The orientation of the pterosaur humerus while walking is today’s topic.
Earlier we looked at various proposed humeral orientations in pterosaurs. Some were quite bizarre (Fig.1).
Currently there are two camps setting up support for their individual positions for pterosaur humeral orientation on the Dinosaur Mailing List (DML), on online forum for dinosaur fans.
Mark Witton (Fig. 2) supports an ungulate-like posture with the elbow largely below and somewhat behind the shoulder.
Greg Paul (Fig. 2) supports a lateral configuration with the elbows out to the sides, like Bennett (Fig. 1).
I have a solution somewhere in the middle based on reinflating and reconstructing the crushed Triebold specimen of Pteranodon (Fig. 2) that I applied to Q. sp. (Fig. 2) and other pterosaur skeletons seen here. Many pterosaur workers like to label this pose “radical” and “highly controversial.” Actually it is the most conservative of the bunch.
Here (Fig. 2, mid right and far right) the elbows were held obliquely and posteriorly with forward motion chiefly through elbow and shoulder flexion and extension.
By the way I prefer Greg Paul’s shallow wing chord configuration because the fossil evidence supports it.
For those who missed it earlier, here (Fig. 3) is an animation of Pterodactylus showing pterosaur terrestrial locomotion, matching foot and hand prints from Crayssac, France. Note the orientation of the humerus, oblique and back. The elbow pumps up and down as the fingers implant ahead of the pes, but not too far ahead (Fig. 4). The next step overtakes the manus impression slightly. Very conservative. Based on fossil and ichnite evidence.
Due to the neutral position (neither supinated nor pronated) of the pterosaur forearm, whenever the elbows are abducted laterally (as in the Paul configuration), the extended fingers rotate medially impressing more anteriorly. (You can experiment with this yourself). This does not match lateral finger impression tracks, but does match Bennett’s version (Fig. 1).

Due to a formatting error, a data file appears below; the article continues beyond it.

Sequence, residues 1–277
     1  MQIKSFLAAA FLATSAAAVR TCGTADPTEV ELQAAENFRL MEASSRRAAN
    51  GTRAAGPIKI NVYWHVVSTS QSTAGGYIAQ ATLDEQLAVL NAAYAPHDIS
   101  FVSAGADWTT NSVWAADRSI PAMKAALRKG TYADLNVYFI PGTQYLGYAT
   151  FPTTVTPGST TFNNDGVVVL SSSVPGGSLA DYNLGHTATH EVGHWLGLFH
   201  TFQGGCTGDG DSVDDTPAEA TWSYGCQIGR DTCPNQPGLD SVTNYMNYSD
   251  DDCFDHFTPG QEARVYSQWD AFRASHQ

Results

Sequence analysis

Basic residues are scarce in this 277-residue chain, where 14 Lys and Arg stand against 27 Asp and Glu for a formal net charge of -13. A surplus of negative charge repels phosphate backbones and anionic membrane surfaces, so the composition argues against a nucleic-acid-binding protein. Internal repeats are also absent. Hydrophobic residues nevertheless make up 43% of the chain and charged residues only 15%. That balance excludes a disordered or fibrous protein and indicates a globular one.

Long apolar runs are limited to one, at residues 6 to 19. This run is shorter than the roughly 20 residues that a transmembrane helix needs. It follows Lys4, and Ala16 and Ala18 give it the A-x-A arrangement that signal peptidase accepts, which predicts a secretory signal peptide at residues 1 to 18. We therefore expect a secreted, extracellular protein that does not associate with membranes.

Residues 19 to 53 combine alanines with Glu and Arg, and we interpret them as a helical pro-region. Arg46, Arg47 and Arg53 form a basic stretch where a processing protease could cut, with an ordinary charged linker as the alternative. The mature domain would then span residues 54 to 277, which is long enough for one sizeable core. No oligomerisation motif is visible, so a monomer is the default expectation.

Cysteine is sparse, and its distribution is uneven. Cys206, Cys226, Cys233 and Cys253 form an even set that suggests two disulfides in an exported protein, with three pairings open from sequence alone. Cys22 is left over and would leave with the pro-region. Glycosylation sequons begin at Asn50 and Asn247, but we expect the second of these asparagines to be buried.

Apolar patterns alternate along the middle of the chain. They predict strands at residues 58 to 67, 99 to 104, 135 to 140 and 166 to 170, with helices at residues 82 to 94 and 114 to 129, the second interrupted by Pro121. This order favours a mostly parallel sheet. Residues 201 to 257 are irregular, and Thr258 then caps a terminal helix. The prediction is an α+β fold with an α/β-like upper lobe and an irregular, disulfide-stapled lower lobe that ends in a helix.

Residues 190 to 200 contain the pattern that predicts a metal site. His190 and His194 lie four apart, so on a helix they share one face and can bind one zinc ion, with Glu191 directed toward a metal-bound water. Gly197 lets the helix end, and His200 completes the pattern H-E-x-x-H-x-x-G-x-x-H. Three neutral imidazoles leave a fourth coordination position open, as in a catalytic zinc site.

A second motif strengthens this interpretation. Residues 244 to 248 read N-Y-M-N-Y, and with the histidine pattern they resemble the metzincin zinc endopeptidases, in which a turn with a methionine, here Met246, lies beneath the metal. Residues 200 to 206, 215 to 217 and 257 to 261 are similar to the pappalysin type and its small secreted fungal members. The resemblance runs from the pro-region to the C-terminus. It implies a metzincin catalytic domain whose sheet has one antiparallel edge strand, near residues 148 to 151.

When the elbows are adducted to the vertical configuration (as in the Witton configuration), and with Witton’s finger orientation (palmar side anterior during flight), the fingers would be oriented posteriorly, as he shows in numerous illustrations, none of which match the fossil record. Removing the fingers from the equation, could the elbow be oriented nearly vertically, close to the chest? Probably not. There is a large medial condyle that would bang against the ribs whenever the elbow is tucked in too close to the torso. You discover this when you build skeletons. And the orientation of the shoulder glenoid is often oblique, depending on the rotation of the scapula and coracoid.
Oblique is best
The oblique orientation of the humerus pretty much matches that of many tetrapods and I have also argued that the humerus should be held at no more than a 60 degree angle from the spine in flight (Fig. 5) in order to not overextend the wing, to maintain good wing curvature (with the elbow higher than the leading edge), and to maintain a deep propatagium. Most pterosaur workers overextend the humerus and elbow. So, very conservative, neither too vertical nor too horizontal is best for the humeral orientation.
And, undisturbed fossils often preserve the humerus in the oblique configuration.
Bennett SC 1991. Morphology of the Late Cretaceous Pterosaur Pteranodon and Systematics of the Pterodactyloidea. [Volumes I & II]. Ph.D. thesis, University of Kansas, University Microfilms International/ProQuest.
Bennett SC 2001. The osteology and functional morphology of the Late Cretaceous pterosaur Pteranodon. Part I. General description of osteology. Palaeontographica, Abteilung A, 260: 1–112. Part II. Functional morphology. Palaeontographica, Abteilung A, 260: 113–153
Bennett SC 2008. Morphological evolution of the forelimb of pterosaurs: myology and function. Pp. 127–141 in E Buffetaut and DWE Hone eds., Flugsaurier: pterosaur papers in honour of Peter Wellnhofer. Zitteliana, B28.
Palmer C and Dyke G 2011. Constraints on the wing morphology of pterosaurs. Proceedings of the Royal Society B. published online 28 September 2011.
Peters D 2002. A New Model for the Evolution of the Pterosaur Wing – with a twist. – Historical Biology 15: 277–301.